Sunday, November 30, 2014

Book Review: Stubby the War Dog

Stubby the War Dog: the True Story of World War I’s Bravest Dog, by: Ann Bausum, National Geographic Kids, Washington, D.C., 2014.
This is a very interesting story of a man and his canine friend.  Stubby adopted R. Robert Conroy while he was dong basic training as a volunteer for the Army in WWI.  They were training at the athletic grounds at Yale University.  Stubby began to hand around the army trainees, particularly the kitchen staff, hoping for a bone or something to eat.  He was a mutt, but mostly of Boston Terrier extraction.  He befriended Conroy and they became best friends.  The dog trained along with the men.  He actually could sit on his haunches and salute, and he march and present right or left with the men.
However eventually, the army moved out headed to the war.  The left Stubby behind, but Stubby would have none of it and followed the men.  He hopped aboard the rail car on his own, and no one stopped him.  However to take him aboard the ship headed to Europe would be breaking rules.  Conroy hatched a plan to have a sympathetic crew member sneak him aboard.  The plan was successful, and after they were well on their way the brought him out of hiding and no one seem to mind.  The commanding officer spotted the animal, but Stubby won him over with a salute.
Thus Stubby became a war dog.  War is not safe.  Conroy had to fit an air mask for him.  On one occasion Stubby was wounded by shrapnel, and was evacuated as the wounded men.  Stubby of course healed form his wound.
Stubby performed many jobs, including being the mascot for his unit.  He would lie by the men as the slept, he helped the medics locate wounded, and at times would stay by a wounded man until the medics arrived, or until the man passed away, giving them some comfort in their final moments.  At times he and Conroy would help with delivering messages.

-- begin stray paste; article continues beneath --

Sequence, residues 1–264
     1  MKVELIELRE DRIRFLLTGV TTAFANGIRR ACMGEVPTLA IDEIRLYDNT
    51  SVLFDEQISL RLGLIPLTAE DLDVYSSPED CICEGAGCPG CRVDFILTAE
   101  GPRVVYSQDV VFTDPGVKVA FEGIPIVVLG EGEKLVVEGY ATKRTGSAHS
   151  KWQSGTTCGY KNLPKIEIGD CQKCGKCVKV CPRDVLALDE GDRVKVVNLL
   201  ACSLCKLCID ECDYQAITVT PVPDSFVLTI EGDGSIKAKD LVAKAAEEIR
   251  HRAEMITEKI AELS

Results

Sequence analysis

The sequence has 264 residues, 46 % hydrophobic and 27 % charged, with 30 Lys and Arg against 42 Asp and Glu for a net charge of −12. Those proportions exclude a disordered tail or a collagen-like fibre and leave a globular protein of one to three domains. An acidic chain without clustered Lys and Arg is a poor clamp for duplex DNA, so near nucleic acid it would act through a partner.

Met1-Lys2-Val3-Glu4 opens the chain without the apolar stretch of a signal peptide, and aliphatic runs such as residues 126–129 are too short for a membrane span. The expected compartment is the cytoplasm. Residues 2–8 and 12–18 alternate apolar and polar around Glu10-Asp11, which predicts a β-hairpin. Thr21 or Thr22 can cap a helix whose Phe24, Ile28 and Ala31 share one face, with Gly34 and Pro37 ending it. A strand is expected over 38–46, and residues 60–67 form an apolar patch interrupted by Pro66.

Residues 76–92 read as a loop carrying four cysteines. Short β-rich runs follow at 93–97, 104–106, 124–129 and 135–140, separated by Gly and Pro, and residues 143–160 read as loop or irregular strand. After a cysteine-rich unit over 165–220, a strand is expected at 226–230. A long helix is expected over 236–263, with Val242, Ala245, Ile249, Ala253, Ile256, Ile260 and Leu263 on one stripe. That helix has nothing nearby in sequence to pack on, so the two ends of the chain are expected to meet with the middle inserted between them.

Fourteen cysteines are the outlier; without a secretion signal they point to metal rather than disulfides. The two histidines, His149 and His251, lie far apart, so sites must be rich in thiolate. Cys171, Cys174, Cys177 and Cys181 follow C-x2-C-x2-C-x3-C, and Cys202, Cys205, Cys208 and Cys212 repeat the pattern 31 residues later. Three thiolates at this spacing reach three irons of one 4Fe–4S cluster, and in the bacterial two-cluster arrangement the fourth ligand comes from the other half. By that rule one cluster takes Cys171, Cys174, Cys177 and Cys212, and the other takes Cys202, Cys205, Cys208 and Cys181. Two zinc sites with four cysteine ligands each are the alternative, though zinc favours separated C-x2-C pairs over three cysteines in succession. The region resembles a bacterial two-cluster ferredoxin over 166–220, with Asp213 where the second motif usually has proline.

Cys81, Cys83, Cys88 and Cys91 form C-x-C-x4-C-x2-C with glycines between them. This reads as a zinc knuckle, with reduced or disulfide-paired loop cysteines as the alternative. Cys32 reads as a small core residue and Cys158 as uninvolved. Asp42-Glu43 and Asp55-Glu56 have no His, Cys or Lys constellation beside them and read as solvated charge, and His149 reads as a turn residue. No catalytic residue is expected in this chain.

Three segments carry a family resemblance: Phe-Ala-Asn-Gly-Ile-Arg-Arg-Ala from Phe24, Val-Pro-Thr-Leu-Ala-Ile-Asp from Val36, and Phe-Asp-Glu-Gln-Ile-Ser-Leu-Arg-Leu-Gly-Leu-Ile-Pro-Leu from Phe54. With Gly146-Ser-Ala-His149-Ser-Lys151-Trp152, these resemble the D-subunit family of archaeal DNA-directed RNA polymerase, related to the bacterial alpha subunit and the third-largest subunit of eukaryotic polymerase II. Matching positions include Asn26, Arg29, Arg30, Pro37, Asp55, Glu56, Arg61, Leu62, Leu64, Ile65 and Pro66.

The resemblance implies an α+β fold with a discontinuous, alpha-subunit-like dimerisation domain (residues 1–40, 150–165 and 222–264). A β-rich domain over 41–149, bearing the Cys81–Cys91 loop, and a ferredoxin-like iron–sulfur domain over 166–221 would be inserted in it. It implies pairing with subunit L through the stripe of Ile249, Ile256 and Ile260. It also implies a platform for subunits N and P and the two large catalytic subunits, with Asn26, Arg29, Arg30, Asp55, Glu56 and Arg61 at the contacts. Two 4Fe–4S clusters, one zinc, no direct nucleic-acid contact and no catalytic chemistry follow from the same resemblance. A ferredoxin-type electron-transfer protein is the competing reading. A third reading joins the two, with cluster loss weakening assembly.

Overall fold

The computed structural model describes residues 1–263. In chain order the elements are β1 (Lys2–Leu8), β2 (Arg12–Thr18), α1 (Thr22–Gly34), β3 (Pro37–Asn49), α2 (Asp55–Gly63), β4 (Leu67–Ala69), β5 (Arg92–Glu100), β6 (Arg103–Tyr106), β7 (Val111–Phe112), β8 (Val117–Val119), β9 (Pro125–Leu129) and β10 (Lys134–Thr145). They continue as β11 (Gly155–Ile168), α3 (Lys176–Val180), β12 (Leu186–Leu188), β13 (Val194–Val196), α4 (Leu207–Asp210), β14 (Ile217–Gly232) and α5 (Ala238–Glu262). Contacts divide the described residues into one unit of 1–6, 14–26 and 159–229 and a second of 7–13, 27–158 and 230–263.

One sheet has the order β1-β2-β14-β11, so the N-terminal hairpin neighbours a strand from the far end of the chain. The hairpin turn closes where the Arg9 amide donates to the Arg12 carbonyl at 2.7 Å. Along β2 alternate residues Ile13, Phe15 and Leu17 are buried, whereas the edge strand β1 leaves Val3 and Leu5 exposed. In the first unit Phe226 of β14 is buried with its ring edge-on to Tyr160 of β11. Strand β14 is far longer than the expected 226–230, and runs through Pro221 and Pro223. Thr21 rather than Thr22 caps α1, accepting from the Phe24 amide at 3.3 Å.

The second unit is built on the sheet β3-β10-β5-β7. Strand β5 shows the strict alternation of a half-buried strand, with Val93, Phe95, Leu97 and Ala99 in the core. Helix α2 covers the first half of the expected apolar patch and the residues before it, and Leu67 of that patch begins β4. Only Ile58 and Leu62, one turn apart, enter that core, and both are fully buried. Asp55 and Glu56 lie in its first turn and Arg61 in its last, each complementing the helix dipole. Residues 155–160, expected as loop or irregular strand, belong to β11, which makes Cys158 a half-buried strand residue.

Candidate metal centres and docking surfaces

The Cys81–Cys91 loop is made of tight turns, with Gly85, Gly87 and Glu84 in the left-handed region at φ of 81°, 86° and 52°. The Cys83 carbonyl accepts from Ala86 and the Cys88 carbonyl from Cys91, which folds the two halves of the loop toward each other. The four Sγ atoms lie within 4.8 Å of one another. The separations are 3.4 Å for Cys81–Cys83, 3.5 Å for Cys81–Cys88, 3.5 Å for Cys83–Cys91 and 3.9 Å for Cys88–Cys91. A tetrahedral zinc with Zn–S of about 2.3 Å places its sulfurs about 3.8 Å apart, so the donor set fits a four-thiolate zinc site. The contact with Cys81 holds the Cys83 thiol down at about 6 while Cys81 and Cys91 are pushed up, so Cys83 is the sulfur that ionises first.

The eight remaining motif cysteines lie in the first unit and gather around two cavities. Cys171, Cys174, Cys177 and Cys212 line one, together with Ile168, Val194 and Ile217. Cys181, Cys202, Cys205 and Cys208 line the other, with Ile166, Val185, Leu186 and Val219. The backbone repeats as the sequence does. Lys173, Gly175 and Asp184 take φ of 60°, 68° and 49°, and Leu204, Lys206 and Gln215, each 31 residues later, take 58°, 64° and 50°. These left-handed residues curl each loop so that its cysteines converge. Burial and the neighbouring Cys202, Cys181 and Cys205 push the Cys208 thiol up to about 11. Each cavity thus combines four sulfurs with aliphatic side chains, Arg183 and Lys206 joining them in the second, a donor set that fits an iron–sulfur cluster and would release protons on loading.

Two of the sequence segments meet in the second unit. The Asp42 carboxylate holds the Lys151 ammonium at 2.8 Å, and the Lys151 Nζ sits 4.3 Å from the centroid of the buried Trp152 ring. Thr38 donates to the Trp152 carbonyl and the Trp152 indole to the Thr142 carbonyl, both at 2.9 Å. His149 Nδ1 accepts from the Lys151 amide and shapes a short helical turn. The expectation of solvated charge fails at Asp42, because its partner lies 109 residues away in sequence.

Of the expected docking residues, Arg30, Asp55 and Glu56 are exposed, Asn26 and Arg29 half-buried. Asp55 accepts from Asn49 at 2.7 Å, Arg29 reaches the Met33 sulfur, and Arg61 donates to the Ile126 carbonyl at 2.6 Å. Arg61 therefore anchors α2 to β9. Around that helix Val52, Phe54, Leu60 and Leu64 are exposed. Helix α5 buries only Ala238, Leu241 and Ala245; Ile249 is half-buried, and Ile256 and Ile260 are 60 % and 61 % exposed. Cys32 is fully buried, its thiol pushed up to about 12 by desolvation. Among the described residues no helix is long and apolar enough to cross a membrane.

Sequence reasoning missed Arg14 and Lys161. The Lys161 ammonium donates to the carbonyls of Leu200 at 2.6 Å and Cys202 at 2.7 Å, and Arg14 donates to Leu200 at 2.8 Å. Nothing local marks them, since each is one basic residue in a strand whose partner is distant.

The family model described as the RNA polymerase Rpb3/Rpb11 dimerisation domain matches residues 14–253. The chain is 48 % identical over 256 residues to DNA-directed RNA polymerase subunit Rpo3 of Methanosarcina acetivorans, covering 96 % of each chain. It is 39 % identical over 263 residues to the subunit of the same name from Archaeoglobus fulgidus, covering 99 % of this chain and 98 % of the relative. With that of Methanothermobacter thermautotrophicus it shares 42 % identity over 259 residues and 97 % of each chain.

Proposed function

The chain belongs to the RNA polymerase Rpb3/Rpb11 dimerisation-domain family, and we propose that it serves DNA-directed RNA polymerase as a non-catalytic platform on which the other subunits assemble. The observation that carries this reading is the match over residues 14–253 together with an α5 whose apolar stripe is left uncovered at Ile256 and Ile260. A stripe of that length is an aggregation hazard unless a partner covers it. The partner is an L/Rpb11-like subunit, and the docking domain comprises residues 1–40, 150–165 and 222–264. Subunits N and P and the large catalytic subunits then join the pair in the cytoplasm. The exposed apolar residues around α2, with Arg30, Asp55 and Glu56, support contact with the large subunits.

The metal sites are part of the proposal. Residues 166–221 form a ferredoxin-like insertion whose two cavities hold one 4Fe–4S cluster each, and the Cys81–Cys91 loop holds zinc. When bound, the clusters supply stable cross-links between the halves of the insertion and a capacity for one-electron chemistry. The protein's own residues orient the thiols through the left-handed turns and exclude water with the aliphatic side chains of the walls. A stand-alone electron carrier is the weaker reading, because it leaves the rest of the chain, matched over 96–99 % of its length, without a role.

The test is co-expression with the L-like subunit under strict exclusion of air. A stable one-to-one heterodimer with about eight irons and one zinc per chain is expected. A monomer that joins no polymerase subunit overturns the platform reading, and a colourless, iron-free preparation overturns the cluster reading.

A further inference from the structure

Stubby had a knack for being able to distinguish Germans from Americans.  He is credited with capturing a German officer, who was perhaps a spy.  He took an Iron Cross from this officer which Conroy placed on his jacket over his rear end.  Stubby had a special jacket, which eventually included many medals and honors.  I don’t think any dog from the war was as decorated. 

Friday, November 28, 2014

Documentary Review: Cropsey: The Truth is Terrifying

Cropsey: The Truth is Terrifying, A film form Barbara Brancaccio and Joshua Zeman, Vicious Circle Films, 2009.
Staten Island is portrayed in this documentary as a place where historically, all the trash from New York ends.  This includes physical as well as human trash.  In its time there were many state institutions on Staten Island, including mentally ill hospitals as well as hospital for the profoundly developmentally delayed.  At one point this lead to investigation of the conditions in the hospital and a big scandal.
 There is a long tradition of Cropsey, a local bogey man legend.  It is said Cropsey is a former mental patient who preys on the unsuspecting when they wander into the woods. 
Then the movie goes into telling the story of Andre Rand.  Rand is a former employer at one of these hospitals that was closed.  He is also a convicted child kidnapper and murderer.  He has been convicted in the disappearance of two children on Staten Island.  He is suspected in the disappearance of many more children.  These children are generally those who are easy victims, developmentally delayed or challenged in some other way. 
Rand has never divulged the location of any of his victims.  One of them was found.  Because of the lack of evidence, there are still many lost children from Staten Island.

Friday, November 14, 2014

Book Review: Freedom National: The Destruction of Slavery in the United States, 1861-1865

Freedom National: The Destruction of Slavery in the United States, 1861-1865, by: James Oakes, W.W. Norton and Company, New York, 2013. 
This is a fascinating book about the progression towards the liberation of the slaves.  The basic story we have is that Lincoln signed the Emancipation Proclamation, after the Union achieved a victory of sorts at  Antietam, and then the slaves were free.  Lincoln went on to get the thirteenth amendment through congress, which was eventually accepted by the states.  Some of the former Confederate States accepted it as it was now the law of the land, or less than full hardy, but in the end, slavery was no more. 
However, the truth is that the emancipation of the slaves was a gradual process. Without the secession of the Southern States, it probably would have taken much longer, but the war gave the government, and Abraham Lincoln and the Republican party a reason to emancipate the slaves.  First, slaves escaped to the Union lines, and eventual the policy became, the army would not return slaves would could be conscripted to help the Southern cause, but would be employed to help the North.  Also of immediate import was the ending of the Fugitive Slave Act with regards to those states that had seceded.  The agreement was no longer binding with those states who were no longer under the Constitution.